Michael Alexander Demel

Title of the Doctoral Thesis: In-silico models for the characterization of compounds interfering with clinical relevant ABC-multidrug-transporters.

Publishing year: 2013

Tags: Pharmacoinformatics, chemoinformatics, in-silico drug discovery, machine learning, multidrug transporter, ABC-Transporter, polyspecificity, random Forests, feature selection, rule-based modelling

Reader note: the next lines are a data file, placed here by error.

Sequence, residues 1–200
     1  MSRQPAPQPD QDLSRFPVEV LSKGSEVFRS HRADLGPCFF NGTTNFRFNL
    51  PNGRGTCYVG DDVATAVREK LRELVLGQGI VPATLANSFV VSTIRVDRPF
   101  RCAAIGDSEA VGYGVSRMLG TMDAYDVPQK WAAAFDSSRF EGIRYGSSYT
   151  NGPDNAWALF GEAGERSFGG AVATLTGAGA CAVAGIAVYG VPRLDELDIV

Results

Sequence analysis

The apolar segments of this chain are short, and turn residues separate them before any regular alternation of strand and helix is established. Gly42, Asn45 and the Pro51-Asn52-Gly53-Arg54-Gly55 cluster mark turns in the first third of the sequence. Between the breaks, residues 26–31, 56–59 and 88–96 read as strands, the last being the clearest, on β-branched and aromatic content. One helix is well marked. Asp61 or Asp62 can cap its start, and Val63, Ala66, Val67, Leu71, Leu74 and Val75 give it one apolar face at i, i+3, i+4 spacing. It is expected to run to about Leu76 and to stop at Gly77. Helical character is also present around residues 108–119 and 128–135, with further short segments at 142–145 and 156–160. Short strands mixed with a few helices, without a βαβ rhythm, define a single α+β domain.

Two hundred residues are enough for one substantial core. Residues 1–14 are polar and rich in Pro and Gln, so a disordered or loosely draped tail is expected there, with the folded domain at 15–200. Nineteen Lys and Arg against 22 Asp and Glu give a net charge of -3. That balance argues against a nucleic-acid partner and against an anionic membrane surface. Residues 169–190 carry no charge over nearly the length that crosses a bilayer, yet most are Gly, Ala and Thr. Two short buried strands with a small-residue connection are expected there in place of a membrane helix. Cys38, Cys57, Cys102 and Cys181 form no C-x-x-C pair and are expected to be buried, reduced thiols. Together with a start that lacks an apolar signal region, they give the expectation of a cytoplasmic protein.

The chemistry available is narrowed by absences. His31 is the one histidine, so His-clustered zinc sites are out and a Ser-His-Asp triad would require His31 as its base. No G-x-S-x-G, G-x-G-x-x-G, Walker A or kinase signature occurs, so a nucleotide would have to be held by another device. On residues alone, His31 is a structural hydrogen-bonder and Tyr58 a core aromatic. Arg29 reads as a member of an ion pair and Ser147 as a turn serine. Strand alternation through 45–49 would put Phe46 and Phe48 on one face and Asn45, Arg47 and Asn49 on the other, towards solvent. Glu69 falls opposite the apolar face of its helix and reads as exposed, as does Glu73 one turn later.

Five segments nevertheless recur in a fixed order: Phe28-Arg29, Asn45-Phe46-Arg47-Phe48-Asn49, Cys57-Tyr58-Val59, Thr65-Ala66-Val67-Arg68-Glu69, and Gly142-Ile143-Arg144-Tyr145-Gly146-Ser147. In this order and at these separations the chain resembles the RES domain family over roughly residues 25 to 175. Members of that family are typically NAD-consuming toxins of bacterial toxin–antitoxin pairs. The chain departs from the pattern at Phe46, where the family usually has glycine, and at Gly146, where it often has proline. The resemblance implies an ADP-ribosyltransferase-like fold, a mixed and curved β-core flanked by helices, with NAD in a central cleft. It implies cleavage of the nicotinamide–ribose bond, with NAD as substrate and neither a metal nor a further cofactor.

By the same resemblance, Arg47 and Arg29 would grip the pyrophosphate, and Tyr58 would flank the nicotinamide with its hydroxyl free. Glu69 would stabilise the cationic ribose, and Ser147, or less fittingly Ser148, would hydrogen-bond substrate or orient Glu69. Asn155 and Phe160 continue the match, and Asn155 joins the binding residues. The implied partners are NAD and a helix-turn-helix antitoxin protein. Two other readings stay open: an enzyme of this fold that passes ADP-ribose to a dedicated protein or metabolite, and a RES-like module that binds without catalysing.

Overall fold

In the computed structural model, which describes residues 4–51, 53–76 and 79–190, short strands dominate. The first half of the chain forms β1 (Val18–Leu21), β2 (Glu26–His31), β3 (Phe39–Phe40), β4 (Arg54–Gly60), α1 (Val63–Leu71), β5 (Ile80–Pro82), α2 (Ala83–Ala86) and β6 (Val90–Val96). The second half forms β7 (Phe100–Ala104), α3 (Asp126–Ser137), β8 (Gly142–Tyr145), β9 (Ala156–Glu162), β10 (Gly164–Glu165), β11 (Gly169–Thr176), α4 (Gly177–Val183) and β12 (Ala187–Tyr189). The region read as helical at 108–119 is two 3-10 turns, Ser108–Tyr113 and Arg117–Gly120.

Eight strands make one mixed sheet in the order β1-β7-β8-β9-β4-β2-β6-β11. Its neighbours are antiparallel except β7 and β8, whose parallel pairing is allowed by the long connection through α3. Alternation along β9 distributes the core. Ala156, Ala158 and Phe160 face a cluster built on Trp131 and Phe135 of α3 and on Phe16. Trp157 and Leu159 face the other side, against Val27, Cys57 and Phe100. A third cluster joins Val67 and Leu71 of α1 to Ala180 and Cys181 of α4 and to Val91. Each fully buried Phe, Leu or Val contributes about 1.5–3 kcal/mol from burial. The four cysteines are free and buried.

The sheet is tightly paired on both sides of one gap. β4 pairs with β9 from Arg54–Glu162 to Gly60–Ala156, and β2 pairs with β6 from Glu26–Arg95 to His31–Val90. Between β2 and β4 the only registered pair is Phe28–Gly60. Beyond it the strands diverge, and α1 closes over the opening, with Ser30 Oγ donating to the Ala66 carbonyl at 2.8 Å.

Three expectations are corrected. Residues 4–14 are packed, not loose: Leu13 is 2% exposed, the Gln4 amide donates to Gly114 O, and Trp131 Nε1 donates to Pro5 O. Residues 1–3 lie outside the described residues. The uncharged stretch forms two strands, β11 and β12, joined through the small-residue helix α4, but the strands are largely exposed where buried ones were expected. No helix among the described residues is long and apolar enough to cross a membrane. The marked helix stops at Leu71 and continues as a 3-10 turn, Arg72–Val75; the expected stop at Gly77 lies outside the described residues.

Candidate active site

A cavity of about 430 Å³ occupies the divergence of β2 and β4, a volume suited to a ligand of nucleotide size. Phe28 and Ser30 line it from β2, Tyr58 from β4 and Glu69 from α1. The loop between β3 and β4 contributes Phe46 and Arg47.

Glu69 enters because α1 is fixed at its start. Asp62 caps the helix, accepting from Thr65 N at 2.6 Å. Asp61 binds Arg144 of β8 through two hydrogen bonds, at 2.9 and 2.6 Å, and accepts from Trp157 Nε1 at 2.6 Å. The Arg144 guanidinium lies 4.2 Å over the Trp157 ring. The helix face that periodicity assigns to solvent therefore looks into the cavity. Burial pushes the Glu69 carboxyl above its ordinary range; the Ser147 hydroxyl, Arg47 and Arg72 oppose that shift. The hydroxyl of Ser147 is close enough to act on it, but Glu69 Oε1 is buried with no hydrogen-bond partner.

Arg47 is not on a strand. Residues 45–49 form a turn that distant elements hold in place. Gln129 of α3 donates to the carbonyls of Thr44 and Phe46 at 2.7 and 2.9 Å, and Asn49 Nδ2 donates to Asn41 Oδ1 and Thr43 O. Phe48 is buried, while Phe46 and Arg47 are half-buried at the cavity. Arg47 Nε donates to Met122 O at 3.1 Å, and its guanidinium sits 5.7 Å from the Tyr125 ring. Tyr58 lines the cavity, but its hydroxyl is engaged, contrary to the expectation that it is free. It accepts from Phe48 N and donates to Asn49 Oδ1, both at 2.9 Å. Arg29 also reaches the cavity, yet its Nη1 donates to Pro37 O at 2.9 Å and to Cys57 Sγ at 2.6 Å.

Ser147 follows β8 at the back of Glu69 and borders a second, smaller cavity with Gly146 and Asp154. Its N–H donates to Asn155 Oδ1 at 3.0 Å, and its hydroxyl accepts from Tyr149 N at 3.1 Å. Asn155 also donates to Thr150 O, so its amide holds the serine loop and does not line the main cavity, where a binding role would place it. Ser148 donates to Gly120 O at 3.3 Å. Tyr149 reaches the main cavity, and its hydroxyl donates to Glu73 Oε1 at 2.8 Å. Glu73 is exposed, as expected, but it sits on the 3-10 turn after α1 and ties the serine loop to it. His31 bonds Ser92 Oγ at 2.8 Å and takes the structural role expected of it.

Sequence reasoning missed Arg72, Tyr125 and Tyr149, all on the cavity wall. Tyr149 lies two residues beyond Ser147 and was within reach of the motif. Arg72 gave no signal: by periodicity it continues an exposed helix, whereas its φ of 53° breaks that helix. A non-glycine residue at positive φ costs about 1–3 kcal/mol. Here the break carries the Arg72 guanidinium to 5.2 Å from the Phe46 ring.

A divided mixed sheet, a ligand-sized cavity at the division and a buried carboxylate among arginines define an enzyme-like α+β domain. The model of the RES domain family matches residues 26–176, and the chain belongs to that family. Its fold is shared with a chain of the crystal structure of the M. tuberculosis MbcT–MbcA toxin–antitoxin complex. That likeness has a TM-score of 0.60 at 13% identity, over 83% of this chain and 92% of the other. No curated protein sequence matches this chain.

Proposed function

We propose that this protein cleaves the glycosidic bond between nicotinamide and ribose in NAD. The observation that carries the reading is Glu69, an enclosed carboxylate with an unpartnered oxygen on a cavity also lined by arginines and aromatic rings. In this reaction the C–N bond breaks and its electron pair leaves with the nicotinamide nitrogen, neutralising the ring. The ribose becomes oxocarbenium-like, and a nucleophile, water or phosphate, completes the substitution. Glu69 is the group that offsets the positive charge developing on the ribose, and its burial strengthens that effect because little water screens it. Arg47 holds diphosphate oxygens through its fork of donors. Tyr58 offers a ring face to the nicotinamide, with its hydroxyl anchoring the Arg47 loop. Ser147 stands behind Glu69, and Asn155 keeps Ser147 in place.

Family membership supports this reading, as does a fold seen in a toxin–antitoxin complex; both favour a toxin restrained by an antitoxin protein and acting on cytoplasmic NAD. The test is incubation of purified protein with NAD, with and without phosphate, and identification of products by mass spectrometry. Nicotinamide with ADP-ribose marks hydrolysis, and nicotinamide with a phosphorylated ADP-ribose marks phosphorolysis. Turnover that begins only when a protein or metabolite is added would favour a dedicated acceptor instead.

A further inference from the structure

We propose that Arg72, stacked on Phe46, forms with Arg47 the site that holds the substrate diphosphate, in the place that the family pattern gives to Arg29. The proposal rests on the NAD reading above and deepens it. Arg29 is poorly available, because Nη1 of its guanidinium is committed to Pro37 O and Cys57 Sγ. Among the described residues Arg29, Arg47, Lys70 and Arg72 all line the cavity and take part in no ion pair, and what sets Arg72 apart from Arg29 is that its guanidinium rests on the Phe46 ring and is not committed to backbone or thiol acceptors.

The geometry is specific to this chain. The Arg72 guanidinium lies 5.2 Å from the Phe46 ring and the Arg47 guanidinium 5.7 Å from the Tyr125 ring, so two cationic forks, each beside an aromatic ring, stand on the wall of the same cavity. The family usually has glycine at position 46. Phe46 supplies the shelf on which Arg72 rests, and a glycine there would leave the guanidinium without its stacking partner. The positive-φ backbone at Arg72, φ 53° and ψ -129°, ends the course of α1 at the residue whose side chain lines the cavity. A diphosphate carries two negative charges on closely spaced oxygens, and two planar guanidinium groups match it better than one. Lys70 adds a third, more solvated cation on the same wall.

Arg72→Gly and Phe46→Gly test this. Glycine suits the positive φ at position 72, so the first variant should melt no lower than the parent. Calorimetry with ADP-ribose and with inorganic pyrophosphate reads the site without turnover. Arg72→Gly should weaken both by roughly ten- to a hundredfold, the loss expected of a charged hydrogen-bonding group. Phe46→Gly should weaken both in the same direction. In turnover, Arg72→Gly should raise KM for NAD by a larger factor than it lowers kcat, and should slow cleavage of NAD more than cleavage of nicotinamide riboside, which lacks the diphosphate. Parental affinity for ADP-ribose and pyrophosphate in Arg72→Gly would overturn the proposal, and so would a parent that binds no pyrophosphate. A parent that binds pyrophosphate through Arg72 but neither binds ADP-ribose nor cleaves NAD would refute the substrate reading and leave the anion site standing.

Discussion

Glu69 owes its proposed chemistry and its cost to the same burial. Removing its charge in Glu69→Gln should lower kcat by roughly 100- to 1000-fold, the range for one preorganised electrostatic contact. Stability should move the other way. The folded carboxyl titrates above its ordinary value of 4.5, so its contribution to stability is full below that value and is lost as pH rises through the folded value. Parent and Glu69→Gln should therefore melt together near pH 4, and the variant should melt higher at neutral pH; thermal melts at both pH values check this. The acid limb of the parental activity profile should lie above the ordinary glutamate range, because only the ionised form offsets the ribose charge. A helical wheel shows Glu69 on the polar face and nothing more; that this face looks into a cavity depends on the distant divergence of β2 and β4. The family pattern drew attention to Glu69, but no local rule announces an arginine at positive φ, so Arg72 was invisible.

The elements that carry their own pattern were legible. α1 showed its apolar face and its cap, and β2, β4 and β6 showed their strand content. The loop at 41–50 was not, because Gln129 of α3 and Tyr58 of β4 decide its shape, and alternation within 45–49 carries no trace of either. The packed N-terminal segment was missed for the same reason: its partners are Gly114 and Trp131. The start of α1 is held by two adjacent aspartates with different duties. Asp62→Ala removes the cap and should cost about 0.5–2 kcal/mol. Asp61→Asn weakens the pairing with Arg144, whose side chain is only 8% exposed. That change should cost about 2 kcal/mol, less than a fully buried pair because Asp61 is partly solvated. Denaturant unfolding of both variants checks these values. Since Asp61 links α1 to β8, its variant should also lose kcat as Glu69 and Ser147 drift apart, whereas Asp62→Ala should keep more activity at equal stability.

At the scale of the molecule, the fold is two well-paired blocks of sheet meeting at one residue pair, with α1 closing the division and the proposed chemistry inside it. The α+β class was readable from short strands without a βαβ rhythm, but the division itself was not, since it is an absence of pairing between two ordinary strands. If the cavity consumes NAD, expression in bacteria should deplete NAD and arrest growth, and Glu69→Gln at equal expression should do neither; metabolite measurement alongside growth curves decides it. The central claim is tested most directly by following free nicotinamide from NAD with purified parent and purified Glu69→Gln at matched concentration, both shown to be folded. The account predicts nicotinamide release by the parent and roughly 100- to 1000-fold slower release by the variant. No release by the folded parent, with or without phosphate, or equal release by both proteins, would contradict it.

Human ABC-transporters, which act as drug carriers, are notorious for their pivotal role in influencing the pharmacokinetic fate of a plethora of marketed drugs and also for their contribution to MDR, a leading cause of failure of anti-cancer pharmacotherapy in clinical practice. In-silico methods have gained a lot of acceptance in the last years with respect to understand the molecular triggers that drive biological activity of small molecules on the one hand but also with respect to support rational decision making in early phases of drug development on the other hand. In this thesis different machine learning algorithms (Rule-based Modelling, SVM, RandomForests) are employed to characterize proprietary and public data sets of ABC-Transporter substrates and non-substrates. From a pharmacological viewpoint the thesis will concentrate on ABCB1. From a methodological viewpoint the thesis concentrates on the assessment of different feature selection methods, descriptor development (extension of the SIBAR approach), and evaluation of distance-to-model (applicability domain) measurements. An additional focus is also the in-silico characterization of MDR-selective ("collateral sensitive") molecules by means of Network-like Similarity Graphs (NSGs).